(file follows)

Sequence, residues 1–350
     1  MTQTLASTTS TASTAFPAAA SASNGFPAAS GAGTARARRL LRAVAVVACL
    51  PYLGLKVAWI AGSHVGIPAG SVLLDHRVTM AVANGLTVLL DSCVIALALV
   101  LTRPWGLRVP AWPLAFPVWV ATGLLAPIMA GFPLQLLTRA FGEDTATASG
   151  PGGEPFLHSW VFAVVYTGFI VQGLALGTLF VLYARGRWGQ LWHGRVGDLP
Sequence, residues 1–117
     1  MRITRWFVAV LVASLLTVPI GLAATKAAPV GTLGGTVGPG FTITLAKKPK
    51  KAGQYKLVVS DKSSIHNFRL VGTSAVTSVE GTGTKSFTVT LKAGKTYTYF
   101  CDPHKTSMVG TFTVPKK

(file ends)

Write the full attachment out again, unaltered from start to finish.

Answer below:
Sequence, residues 1–350
     1  MTQTLASTTS TASTAFPAAA SASNGFPAAS GAGTARARRL LRAVAVVACL
    51  PYLGLKVAWI AGSHVGIPAG SVLLDHRVTM AVANGLTVLL DSCVIALALV
   101  LTRPWGLRVP AWPLAFPVWV ATGLLAPIMA GFPLQLLTRA FGEDTATASG
   151  PGGEPFLHSW VFAVVYTGFI VQGLALGTLF VLYARGRWGQ LWHGRVGDLP
Sequence, residues 1–117
     1  MRITRWFVAV LVASLLTVPI GLAATKAAPV GTLGGTVGPG FTITLAKKPK
    51  KAGQYKLVVS DKSSIHNFRL VGTSAVTSVE GTGTKSFTVT LKAGKTYTYF
   101  CDPHKTSMVG TFTVPKK